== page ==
Granny's Programming Pearls
"inside of every large program is a small program struggling to get out"
JavaRanch.com/granny.jsp
The moose likes IDEs, Version Control and other tools and the fly likes SonarQube in Action: Legacy code Big Moose Saloon
  Search | Java FAQ | Recent Topics | Flagged Topics | Hot Topics | Zero Replies
Register / Login


Win a copy of OCM Java EE 6 Enterprise Architect Exam Guide this week in the OCMJEA forum!
JavaRanch » Java Forums » Engineering » IDEs, Version Control and other tools
Bookmark "SonarQube in Action: Legacy code" Watch "SonarQube in Action: Legacy code" New topic
Author

SonarQube in Action: Legacy code

Burk Hufnagel
Ranch Hand

Joined: Oct 01, 2001
Posts: 814
    
    3
Just noticed I keep referring to Sonar instead of SonarQube - my apologies.

To the question though, do you see SonarQube as a good tool for monitoring the health of legacy code as we work to clean it up? Or, is it more suited to new projects where we can use it to help keep things from getting bad in the first place?

Thanks for your insight,
Burk


SCJP, SCJD, SCEA 5 "Any sufficiently analyzed magic is indistinguishable from science!" Agatha Heterodyne (Girl Genius)
G. Ann Campbell
Author
Ranch Hand

Joined: Aug 06, 2013
Posts: 33
    
    5
I'd flip your "or" to an "and" and say yes to both.

First, I like to run legacy projects through SonarQube even if I'm told that it's a zombie app that we won't be doing much maintenance on. Every year managers and executives make decisions about which applications to continue to maintain and which to sunset/replace. I believe that having an abstract understanding of the quality of an application helps them make more informed decisions.

Another reason I like to analyze legacy applications is because it gives the developers' arguments more weight when they (we) say that an app is "hard" to maintain. I know it depends entirely on your relationship/trust with management, but I'm afraid that sometimes when you say an app is hard to work on it sounds like sandbagging or whining. Give them numbers to back yourself up, and they can see that you're not lazy, the app really is problematic.

But back to your original question: analyze legacy apps for monitoring while you work to clean it up? Yes, absolutely. If you've been given time to do this kind of work (and talking the business into that without having already shown someone some numbers can be challenging) then I think you'd absolutely want to use SonarQube to identify a) exactly the scope of the problem and b) where to start. And once you've started, why not use SonarQube to give everyone the warm/fuzzies about the progress you're making?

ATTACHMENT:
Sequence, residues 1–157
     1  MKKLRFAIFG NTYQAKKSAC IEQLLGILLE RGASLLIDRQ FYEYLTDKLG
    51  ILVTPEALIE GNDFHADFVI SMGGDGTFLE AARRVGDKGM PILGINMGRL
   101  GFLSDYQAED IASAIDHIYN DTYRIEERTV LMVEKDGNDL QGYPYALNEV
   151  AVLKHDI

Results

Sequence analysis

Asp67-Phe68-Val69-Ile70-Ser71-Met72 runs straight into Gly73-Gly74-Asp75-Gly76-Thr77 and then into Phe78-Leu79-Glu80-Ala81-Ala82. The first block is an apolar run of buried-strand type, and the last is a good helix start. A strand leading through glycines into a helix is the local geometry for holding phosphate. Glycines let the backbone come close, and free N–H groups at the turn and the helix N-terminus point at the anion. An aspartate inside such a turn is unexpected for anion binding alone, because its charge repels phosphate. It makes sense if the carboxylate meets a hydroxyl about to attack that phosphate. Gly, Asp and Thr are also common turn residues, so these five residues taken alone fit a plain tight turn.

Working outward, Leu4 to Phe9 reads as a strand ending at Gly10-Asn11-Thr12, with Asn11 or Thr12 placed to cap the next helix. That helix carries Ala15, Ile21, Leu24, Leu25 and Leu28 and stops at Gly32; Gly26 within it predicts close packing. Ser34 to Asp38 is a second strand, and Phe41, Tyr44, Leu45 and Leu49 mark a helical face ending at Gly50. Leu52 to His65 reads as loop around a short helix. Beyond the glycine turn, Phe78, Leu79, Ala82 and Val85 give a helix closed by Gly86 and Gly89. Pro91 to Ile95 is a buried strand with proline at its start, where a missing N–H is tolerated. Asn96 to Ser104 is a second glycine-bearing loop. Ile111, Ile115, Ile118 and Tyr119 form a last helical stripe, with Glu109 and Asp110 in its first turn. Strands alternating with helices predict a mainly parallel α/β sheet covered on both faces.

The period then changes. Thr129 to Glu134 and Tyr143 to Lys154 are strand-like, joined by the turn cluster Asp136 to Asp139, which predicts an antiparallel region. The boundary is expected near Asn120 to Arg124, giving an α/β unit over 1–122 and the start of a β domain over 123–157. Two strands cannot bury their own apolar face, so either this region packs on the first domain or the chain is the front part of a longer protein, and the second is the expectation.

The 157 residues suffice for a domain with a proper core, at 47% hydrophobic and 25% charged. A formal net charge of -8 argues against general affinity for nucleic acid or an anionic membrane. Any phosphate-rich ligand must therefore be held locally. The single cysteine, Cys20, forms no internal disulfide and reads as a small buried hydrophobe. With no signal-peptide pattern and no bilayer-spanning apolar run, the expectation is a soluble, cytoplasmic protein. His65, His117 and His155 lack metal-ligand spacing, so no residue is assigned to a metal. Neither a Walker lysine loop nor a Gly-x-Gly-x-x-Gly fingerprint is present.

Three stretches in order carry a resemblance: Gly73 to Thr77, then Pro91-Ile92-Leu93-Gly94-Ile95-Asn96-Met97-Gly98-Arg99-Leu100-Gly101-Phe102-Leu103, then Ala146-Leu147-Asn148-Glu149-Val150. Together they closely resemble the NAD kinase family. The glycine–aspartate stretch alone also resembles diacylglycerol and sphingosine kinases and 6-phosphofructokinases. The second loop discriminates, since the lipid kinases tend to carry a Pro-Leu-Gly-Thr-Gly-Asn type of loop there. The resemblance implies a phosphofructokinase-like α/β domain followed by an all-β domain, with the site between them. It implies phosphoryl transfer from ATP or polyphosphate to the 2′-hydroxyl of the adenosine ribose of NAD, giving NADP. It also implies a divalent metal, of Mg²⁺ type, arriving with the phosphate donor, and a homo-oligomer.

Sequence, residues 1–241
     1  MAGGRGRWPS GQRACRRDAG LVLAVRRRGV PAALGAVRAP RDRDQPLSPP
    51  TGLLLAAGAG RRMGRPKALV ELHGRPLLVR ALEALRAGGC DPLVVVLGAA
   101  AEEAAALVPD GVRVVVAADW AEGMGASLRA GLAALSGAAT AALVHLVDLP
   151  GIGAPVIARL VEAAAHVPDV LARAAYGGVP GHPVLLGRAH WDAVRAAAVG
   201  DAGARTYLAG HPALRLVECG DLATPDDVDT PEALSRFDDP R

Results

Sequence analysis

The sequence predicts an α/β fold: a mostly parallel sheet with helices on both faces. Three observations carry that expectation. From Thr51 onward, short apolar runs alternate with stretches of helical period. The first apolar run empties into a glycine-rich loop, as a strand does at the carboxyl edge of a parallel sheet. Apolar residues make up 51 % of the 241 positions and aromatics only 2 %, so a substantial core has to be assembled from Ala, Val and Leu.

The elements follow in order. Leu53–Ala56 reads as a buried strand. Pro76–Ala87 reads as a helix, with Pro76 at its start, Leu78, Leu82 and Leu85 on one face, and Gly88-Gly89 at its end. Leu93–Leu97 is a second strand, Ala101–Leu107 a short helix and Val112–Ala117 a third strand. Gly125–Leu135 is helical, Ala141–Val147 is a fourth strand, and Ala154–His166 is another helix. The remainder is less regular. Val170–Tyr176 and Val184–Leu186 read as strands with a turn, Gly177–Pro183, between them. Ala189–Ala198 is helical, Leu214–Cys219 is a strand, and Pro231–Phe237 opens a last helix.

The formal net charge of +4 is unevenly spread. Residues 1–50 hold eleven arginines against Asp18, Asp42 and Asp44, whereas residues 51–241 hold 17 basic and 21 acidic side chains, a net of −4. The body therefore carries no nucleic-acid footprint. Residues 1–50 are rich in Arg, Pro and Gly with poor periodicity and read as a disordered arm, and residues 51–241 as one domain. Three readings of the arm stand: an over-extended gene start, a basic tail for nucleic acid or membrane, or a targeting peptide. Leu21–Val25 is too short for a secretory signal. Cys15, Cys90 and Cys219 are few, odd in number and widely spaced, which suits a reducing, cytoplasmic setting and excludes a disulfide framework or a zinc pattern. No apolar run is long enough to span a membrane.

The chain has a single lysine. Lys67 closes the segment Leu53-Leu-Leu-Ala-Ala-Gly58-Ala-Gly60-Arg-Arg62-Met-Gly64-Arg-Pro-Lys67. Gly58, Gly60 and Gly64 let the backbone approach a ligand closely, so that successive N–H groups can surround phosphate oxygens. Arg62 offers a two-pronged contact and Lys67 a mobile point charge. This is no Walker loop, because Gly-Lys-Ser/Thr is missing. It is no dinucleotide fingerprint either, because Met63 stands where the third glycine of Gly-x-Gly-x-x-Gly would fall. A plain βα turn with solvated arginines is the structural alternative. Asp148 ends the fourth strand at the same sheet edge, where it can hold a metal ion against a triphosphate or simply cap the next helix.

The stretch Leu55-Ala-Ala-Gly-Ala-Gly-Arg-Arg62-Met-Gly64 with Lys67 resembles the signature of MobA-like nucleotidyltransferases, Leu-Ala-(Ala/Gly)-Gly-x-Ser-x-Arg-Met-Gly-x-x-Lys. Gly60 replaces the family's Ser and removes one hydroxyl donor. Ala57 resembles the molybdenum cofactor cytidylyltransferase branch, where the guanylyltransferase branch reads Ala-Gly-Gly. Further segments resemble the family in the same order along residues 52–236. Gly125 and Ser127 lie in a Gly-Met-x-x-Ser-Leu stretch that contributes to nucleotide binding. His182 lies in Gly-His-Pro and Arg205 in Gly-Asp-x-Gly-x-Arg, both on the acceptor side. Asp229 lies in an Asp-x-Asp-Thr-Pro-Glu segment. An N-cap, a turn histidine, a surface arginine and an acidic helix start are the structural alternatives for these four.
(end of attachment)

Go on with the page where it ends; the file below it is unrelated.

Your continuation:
Jeanne Boyarsky
internet detective
Marshal

Joined: May 26, 2003
Posts: 30404
    
150

I work on applications that are between 1 and 11 years old. Whenever I train a new team member, one of the things I cover is the quality across applications. In particular, the code coverage. I explain that it is important to know the code coverage for the code you are changing so you know what kind of safety net you have. I also explain which apps have consistent coverage and which have spotty (hit or miss coverage.) This logic easily extends to other quality metrics. Looking at the codebase in SonarQube tells you how careful you need to be about dragons surprising you when you touch the code.

Also, SonarQube lets you set warning/error messages based on incremental changes to quality. For example, show a warning if changed files in a project has more than X violations. This lets you triage. Ok. Maybe there 40 blocker issues in the codebase. You can make sure that no new ones are introduced. This is better than saying there can't be more than 40. Because if you clean up 5 and introduce one new one, SonarQube will still show the differential as bad.